Thursday, May 17, 2012

Cultures with Cultures - Fermented Foods from Around the World

Fermentation is the art of allowing microbes - such as bacteria, yeasts or molds - to consume, flavor, and preserve organic matter intended for human consumption. Essentially the microorganisms process the matter to improve shelf-life, nutritional value, taste, or all three. Fermented food and beverages have been a popular part of the human diet since prehistoric times and today nearly every human culture consumes fermented matter in one form or another.

There are a number of fermented foods and beverages that are commonly consumed in western society including salami, vinegar, sauerkraut, pickles, cheeses, yogurt, wine, and beer. Some less obviously examples of fermented foods include chocolate, sourdough, and baguettes. Who would have thought?

Fermentation was born of necessity. Throughout most of human history, we were not able to keep all the bacteria out of our food – it was simply impossible. Bacteria was an inevitable part of our everyday lives, so humans discovered ways to use these microorganisms to our advantage. We discovered (though we did not always understand the how or why) that these microbes helped preserve food – a fact that was vitally important prior to refrigeration. We also found that many of these foods also yielded health benefits. The beneficial bacteria found in some fermented foods and drinks enhance both the digestive and immune systems, making these foods as important today as they were hundreds of years ago. In fact, in recent years fermentation has enjoyed a bit of a renaissance in western society, making a comeback in the form of various yogurt cultures, kombucha (fermented tea), and popular ethnic cuisines. And after several decades of over processing our food, there has been a recent movement back towards creating our own fermented foods and drinks in the home. Some popular homemade fermented foods include cheese, yogurt, beer, vinegar, and various pickled vegetables and fruit.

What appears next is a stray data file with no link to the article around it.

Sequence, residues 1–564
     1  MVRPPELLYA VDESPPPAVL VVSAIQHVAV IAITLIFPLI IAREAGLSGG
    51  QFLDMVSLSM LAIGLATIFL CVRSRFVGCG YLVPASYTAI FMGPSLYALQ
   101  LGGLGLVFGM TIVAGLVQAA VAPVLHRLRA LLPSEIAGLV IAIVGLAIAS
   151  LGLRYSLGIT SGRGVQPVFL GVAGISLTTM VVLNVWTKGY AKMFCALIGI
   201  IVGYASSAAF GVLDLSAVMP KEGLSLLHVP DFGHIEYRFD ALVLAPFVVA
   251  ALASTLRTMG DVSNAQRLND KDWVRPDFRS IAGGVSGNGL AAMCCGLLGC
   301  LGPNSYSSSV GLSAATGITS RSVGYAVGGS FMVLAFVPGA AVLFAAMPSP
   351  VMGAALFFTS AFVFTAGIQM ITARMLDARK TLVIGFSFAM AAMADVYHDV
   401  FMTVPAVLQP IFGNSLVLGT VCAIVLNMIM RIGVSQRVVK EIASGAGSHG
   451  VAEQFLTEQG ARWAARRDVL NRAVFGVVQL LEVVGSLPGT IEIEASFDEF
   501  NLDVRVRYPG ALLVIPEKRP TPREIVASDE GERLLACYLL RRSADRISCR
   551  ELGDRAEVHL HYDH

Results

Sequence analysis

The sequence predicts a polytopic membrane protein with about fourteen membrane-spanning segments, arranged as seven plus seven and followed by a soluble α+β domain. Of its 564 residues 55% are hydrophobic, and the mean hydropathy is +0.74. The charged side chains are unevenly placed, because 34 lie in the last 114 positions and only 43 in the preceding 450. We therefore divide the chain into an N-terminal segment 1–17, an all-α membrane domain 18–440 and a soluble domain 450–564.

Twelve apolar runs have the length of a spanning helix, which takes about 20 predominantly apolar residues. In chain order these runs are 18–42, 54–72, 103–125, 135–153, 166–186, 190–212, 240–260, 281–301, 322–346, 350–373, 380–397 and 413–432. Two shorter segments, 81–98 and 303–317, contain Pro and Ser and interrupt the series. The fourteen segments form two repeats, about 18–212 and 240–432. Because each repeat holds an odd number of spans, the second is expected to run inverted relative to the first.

Travel the world and you will find that each culture has their own unique relationship with fermented foods. Sara Dickerman, a contributing editor at Saveur Magazine, once noted, "I feel like when you give a fermented food a try, you sort of taste the thing that is very specific to a region, and it’s almost like giving you a chance to travel the world even if you can’t hop on a plane." So, if you want to experience a culture, food is a great place to start, and fermented food from that region gives you a very specific insight into a culture’s history.

Looking to explore world cultures in a new an interesting way? Try these interesting fermented foods:

Beverages
  • Kombucha (fermented tea – central Asia)
  • Kafir (yogurt drink – central Asia)
  • Pulque (cactus plants – Mexico)
  • Trahanas (yogurt used to thicken soup – Greece)
  • Sorghum beer (sorghum – South Africa)
  • Qula (milk – Tibet)
Meats
  • Poi (fish – Hawaii)
  • Salami (sausage meat – Europe)
Beans
  • Soy sauce (soybeans – Japan)
  • Miso (soybeans – Japan)
  • Natto (soybeans – Japan)
  • Tempeh (soybeans – Indonesia)
  • Douchi – (black bean paste – China)
Fruits and Vegetables
  • Kimchi (fermented cabbage – Korea)
  • Gundruk (sinki – a regional radish-like vegetable – Himalayas)
  • Tibi (fruit – Mexico)
Starches and Breads
  • Daal (lentils - India)
  • Injera (tef- Ethiopia)
  • Gari (casava – Nigeria)
  • Fufu (casava – Africa)
  • Chicha (maize – South America)
  • Leavened bread (yeast – Central Europe)

2 comments:

Marianne said...

Poi is not made from fish,it is made from the Taro root,and is not necessarily fermented. It can be eaten fresh (it is made from cooked Taro root), though it does slightly ferment with age.

Shilpa said...

DAAL IS NOT FERMENTED. it is usually soaked and cooked. Sometimes it's soaked with rice , ground into a paste n then Fermented to make Crepe like dosa

 
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